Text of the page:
Every report and expert assured us that there will never be a hard border in Ireland and that the Good Friday Agreement was constitutionally sacrosanct as an internationally binding agreement. Yet, within the past week, we have been told by Theresa May that the Good Friday Agreement is up for negotiation and the European Commission have confirmed that a no-deal Brexit will bring a hard border in Ireland and yesterday Leo Vardakar advised the World Economic Forum that there may be soldiers on the border.
This culmination of events and concerns motivated me and others to make the first direct public appeal in late 2017 to Leo Varadkar to stand up and speak out in defence of Irish citizens' rights in the north.
We felt it was essential that Irish citizens in the north heard reassurance from the Irish Government that the reality of abandonment experienced by our parents and grandparents would not be visited upon our generation.
The back page of your programme today carries an assurance from the Taoiseach that: “To the nationalist people in Northern Ireland, I want to assure you that we have protected your interests throughout these negotiations. Your birth right as Irish citizens, and therefore as EU citizens, will be protected. There will be no hard border on our island. You will never again be left behind by an Irish Government.”
This assurance cannot simply be a historical quote. It must be a living commitment. It must mean that there can be no hard border on our island. That my children will not have to endure the ignominy of being stopped at Newry or Derry, when travelling to Croke Park for a match, or to Donegal for a holiday.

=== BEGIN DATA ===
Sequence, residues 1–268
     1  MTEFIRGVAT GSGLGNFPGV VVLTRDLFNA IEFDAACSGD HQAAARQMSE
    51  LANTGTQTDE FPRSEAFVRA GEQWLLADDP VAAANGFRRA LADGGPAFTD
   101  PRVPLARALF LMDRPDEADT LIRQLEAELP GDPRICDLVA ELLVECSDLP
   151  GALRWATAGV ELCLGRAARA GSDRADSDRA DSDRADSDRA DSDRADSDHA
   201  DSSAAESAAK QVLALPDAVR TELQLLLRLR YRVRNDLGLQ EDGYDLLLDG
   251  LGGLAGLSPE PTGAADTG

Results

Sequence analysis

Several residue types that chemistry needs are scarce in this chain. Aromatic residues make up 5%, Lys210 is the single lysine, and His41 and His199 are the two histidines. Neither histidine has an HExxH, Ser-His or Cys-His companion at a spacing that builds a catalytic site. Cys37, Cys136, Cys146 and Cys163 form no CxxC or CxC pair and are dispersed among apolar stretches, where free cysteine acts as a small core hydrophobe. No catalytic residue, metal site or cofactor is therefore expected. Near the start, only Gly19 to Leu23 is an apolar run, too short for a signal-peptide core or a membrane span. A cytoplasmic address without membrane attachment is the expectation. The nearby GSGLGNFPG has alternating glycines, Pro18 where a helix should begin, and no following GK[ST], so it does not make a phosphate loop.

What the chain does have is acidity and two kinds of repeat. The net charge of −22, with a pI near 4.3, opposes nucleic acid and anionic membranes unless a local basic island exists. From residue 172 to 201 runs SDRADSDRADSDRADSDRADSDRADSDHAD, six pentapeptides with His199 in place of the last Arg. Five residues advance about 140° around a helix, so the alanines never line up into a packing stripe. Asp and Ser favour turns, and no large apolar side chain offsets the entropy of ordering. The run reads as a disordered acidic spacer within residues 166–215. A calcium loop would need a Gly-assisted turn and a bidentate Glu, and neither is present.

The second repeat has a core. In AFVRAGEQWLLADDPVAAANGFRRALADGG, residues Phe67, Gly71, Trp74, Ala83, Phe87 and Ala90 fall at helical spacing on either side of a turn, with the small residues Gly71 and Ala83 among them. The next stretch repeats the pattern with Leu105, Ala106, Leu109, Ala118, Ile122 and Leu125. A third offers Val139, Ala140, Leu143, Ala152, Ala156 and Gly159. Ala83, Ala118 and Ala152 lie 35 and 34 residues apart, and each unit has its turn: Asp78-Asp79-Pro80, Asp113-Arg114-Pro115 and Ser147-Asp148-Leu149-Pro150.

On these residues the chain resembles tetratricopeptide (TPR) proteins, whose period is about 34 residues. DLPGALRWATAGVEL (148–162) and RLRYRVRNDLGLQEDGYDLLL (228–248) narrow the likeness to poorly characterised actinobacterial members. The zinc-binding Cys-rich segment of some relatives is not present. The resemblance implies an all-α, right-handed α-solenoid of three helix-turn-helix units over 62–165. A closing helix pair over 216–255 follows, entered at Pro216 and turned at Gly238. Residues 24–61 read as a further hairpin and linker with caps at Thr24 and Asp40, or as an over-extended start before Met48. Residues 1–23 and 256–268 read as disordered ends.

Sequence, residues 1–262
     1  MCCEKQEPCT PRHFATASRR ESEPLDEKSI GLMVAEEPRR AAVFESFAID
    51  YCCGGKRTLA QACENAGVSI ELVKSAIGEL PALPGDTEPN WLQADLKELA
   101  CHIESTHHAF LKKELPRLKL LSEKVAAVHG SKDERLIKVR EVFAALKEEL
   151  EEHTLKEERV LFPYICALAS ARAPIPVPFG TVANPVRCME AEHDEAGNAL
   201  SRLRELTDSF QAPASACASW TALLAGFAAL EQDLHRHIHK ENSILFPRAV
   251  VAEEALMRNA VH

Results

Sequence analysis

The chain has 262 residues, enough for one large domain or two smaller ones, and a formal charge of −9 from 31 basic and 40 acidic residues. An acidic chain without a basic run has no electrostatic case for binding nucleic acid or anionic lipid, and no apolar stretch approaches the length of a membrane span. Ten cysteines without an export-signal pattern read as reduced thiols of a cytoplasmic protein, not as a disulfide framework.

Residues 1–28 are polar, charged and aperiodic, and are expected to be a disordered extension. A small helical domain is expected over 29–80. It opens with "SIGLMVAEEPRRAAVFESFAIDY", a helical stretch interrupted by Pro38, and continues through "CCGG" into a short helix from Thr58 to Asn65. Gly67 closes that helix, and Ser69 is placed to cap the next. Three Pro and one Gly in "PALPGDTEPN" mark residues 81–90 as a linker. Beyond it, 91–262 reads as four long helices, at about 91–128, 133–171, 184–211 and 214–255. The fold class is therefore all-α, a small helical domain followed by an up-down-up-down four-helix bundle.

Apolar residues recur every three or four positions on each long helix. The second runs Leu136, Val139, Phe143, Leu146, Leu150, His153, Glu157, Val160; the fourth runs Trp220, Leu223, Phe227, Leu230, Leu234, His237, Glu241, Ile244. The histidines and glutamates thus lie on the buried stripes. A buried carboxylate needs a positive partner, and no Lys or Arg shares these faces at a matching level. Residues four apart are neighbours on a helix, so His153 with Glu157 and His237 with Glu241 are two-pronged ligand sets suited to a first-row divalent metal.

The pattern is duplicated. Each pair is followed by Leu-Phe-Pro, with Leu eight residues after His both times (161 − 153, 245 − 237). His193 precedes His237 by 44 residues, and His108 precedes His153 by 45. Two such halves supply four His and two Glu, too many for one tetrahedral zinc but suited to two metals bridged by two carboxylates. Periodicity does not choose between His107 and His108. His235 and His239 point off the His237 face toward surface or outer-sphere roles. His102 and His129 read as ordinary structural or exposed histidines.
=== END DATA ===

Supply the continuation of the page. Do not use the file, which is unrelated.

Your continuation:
One of the objectives of this conference today is to assert to the Irish Government that we are their citizens, bearing their passport and that we insist on our full access to citizenship, but rights, human rights are for all. No citizen in the north should endure a diminished sense of their citizenship as a result of Brexit. Everyone benefits when rights are protected, and all traditions and communities are respected and valued.
Today’s conversation is about all of that. We seek to provide a space for a discussion to begin. It has to begin somewhere. And when we are told that now is not the right time, I ask then when is the right time. So, if not now, when?
Nelson Mandela once observed that, “If you wait for textbook conditions they will never occur.”
We believe this is the right time to have a conversation about the future. Failure to encourage and embrace that potential would be reckless and irresponsible.
In the challenges which will immediately confront us in the coming weeks and months we will require a unified and coherent mobilisation of broad northern nationalist and progressive voices.
Our children and new generations deserve a future better than the past which we endured. I wouldn’t have believed you, had you said a few short months ago that my small club [Naomh Éanna] would be in an All-Ireland final in two weeks time, but the unexpected can overtake events. I have seen how history and identity, timing and preparation and the taking of opportunity can reshape history and positively define and improve lives.
Tapaidh an déis. Míle buíochas daoibh go leir.